A Mission to Italy – Searching for a Hometown Boy
Updated: Nov 9
The two American women were a little nervous as they boarded a bus in Florence, Italy, one sunny morning in 2003. They had begun their vacation to Italy as part of an organized tour group, but then split off to complete a separate, extremely important mission.
They talked quietly as the bus rolled along but the large gerbera daisy in one woman's lap made them abundantly conspicuous. Nobody spoke English. They noticed an increasing murmur among the other riders, voices whispering, "Americans." "We were a little nervous -- it was the start of the war in Iraq,” they confided.
Any worries were unfounded. When they reached their destinations, everyone on the bus turned, began smiling and pointing out that this was their stop. As they walked toward the bus door, their fellow riders began clapping.
Their mission to find a hometown boy was nearing its conclusion.
Here is the full story I pieced together in 2003 from Air Force reports and discussions with a couple of wonderful ladies.I believe Mrs. Walker died in 2007. Mrs. Hylton has also passed away.
The story from an early 1944 edition of The Caroline Progress carried alarming news beneath a headline reading “Wings Above Fear” – Lt. Tommy Haigh is Missing.
Local residents worried the friendly young man they had watched grow up in Bowling Green
and who later helped them as a meat cutter at the Sanitary Grocery store might not be coming home. It had always been a possibility. Army Air Corps aviators in World War II, especially bomber crews, often flew through raging antiaircraft fire and swarms of enemy fighter planes to and from their targets.
News traveled slowly in World War II. Rapid-fire reporting from war zones that are taken for granted today weren’t available. Facts, though, eventually emerged, with worst fears confirmed: 25-year-old 1st Lt. Tommy Haigh had been killed in action during a combat mission Dec. 28, 1943. His mother Florence received a letter from the War Department confirming his death.
The Army Air Force kept records, known as “Missing Air Crew Reports” on each aircraft reported as missing in action. The reports include interviews with witnesses and survivors. These records reveal what happened to the B-24D Liberator of the 512th Bombardment Squadron, with a crew of 10, commanded by Haigh. Memoirs and notes from members of his crew who survived help fill in additional details.
Hazel Walker of Wellfleet, Mass., was the widow of Ward Walker, a captain who served as bombardier. He passed away in the 1990s. She recalled cooking dinner for her husband and Tommy when they were cadets taking flight training at Tucson, Ariz., in the spring of 1943.
“When I met Tommy, I felt confident Ward was in very good hands. Tommy was a great guy and seemed very mature and responsible,” Mrs. Walker remembered.
Mrs. Walker said her husband’s log noted they were flying a B-24 named “Old Sarge” that fateful morning. The plane they considered their own was named “Mister Completely.” His log didn’t indicate why they were aboard a different aircraft that day, but maintenance issues were commonplace reasons for swapping planes.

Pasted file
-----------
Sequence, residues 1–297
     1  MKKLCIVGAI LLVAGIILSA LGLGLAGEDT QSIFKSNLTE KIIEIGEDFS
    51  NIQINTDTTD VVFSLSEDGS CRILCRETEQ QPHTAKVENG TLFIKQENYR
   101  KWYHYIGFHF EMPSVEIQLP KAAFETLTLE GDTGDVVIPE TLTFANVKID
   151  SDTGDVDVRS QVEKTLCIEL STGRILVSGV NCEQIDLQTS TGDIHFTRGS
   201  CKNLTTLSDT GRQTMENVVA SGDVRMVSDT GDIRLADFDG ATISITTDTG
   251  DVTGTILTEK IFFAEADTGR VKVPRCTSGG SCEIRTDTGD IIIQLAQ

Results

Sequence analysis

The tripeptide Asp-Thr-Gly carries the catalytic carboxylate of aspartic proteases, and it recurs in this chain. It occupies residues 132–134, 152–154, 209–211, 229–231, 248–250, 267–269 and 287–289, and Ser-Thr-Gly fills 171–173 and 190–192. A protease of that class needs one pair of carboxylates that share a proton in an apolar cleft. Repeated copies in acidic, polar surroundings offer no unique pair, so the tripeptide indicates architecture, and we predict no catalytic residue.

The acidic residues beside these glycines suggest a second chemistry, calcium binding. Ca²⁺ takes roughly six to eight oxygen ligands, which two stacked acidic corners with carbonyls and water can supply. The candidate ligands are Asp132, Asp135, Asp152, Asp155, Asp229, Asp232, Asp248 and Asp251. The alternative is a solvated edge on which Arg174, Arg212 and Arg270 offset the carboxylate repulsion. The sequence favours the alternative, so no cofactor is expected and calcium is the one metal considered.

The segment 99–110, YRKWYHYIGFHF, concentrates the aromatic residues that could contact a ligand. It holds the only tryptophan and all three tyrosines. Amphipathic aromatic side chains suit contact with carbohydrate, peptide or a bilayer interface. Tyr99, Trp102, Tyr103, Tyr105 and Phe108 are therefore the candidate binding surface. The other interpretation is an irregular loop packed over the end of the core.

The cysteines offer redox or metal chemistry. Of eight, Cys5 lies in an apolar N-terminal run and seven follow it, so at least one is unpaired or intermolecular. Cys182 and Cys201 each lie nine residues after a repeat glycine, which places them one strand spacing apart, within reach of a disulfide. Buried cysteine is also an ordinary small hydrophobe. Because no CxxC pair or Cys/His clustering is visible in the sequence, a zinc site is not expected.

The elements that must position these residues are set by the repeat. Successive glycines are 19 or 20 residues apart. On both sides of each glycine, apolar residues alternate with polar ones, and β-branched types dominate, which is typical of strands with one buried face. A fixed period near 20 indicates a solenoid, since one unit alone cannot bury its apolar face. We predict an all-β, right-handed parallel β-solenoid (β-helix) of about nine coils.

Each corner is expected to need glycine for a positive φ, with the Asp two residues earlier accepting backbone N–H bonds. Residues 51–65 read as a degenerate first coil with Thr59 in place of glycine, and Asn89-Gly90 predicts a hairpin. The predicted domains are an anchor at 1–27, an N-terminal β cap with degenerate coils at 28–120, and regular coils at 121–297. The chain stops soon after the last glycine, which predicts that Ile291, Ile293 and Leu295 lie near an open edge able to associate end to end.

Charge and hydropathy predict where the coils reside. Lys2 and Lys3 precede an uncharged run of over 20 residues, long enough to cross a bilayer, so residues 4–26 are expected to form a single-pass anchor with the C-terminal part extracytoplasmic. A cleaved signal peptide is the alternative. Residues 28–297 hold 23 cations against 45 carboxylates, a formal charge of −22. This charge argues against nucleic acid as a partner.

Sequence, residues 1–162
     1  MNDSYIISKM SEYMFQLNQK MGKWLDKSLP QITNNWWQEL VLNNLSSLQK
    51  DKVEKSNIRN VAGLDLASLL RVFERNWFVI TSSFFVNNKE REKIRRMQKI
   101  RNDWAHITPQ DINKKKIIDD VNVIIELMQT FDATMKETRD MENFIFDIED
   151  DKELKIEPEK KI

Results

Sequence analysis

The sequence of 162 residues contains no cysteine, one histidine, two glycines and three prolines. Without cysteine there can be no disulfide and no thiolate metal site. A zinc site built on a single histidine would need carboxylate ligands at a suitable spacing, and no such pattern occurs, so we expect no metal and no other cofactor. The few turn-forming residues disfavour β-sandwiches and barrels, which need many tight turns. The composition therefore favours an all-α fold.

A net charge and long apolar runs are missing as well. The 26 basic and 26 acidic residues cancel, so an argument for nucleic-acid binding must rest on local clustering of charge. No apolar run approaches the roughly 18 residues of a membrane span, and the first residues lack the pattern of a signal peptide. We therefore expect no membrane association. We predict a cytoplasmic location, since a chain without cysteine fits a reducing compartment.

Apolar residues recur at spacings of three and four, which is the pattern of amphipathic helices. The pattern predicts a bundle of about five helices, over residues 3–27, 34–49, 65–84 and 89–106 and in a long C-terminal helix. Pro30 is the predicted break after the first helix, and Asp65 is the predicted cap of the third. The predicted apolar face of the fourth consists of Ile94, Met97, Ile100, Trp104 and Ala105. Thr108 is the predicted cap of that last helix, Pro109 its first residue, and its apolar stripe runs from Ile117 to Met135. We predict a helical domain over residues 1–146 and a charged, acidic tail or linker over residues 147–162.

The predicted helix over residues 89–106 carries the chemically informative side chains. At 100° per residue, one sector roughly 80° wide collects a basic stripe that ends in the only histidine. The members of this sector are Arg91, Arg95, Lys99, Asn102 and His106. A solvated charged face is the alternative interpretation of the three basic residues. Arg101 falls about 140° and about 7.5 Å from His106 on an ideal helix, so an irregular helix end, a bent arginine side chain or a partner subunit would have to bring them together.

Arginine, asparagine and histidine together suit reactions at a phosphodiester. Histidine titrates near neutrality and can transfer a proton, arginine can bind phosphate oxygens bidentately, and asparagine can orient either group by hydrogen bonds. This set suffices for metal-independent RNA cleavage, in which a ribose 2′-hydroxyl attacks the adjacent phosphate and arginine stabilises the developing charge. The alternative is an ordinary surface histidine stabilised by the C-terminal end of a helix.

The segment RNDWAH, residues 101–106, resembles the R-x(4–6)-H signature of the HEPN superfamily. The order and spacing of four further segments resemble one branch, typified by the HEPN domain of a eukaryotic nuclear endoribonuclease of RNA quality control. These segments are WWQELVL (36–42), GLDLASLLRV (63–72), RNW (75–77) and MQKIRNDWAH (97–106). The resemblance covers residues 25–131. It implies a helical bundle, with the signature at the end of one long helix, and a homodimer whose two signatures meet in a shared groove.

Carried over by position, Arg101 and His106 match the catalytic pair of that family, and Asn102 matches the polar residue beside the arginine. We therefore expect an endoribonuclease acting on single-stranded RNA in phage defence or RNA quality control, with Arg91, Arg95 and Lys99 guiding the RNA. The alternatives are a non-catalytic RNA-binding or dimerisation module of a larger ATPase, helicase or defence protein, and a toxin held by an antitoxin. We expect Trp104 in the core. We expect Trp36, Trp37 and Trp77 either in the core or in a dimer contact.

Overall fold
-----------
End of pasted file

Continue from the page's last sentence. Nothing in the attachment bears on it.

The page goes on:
A B-24 carried ten .50 caliber machine guns arrayed around the aircraft to try to stave off enemy fighters. Six enlisted crew members manned the guns and handled radio operator and engineer duties.
Their mission was a high-altitude bombing attack on the railroad yards at Vicenza, Italy.
Seated next to Haigh in the cockpit was co-pilot 2nd Lt. Albert D. Matthai. His middle name was Dilworth. Most folks knew him as “Worth.” The navigator, 2nd Lt. Norm Troxell, a Kansan, rounded out the officer crew.
Clair Matthai, of Whitesboro, N.Y., is Worth’s widow. Her husband, who died in 1983, kept a detailed scrapbook highlighting their experiences. Most of the book was put together in Germany’s Stalag Luft I, where Matthai, Troxell and Ward were prisoners of war.
She remembers her husband saying the mission of Dec. 28 was supposed to be “a milk run,” slang for a routine mission. “They weren’t expecting any real opposition,” she said. Morning weather was cloudy at the American air base at San Pancrazio, Italy. The group of 17 aircraft was set to rendezvous with P-38 Lightning fighter escorts, but was late to the rendezvous point and the fighters had left the area, according to a published account by another pilot on the same mission. The bomber formation could have turned back to San Pan, but the mission commander decided to press on to the target, possibly because the same area had been hit three days earlier with no opposition.
Visibility above the clouds was good and the mission was tracking well with the aircraft flying between 20,000 and 25,000 feet high. One historic account of the air battle has the six planes of the 512th Squadron at the left rear of the formation, trailing other planes from the 376th Bombardment Group that rounded out the battle group.
Ward Walker’s log described the flight. “Everything was going fine; then all hell broke loose with our ship riddled and the wings in flames…”
An estimated 50 to 90 Messerschmitt 109 and Focke-Wulf 190 fighters attacked the formation, firing 20mm cannons and machine guns. The B-24 gunners knocked a number of German fighters (some estimates reported some 30 enemy planes shot down) from the sky, but they were overwhelmed.
Old Sarge was ablaze. Crew members fought through smoke and fire to don parachutes and bail out into the skies of Northern Italy. Internal intercoms were shot, making communication impossible. The co-pilot and bombardier were the last people to leave the aircraft. Aircraft commander Tommy Haigh stayed at the controls, unwilling to leave without knowing for certain if all of his crew had a chance to make it out safely.
“Worth told me that they couldn’t make Tommy get out. It was like he was frozen to the controls. Nothing would make him move,” Mrs. Matthai said. “When Worth bailed out, there was so much fire in the bomb bay that it singed his hair.”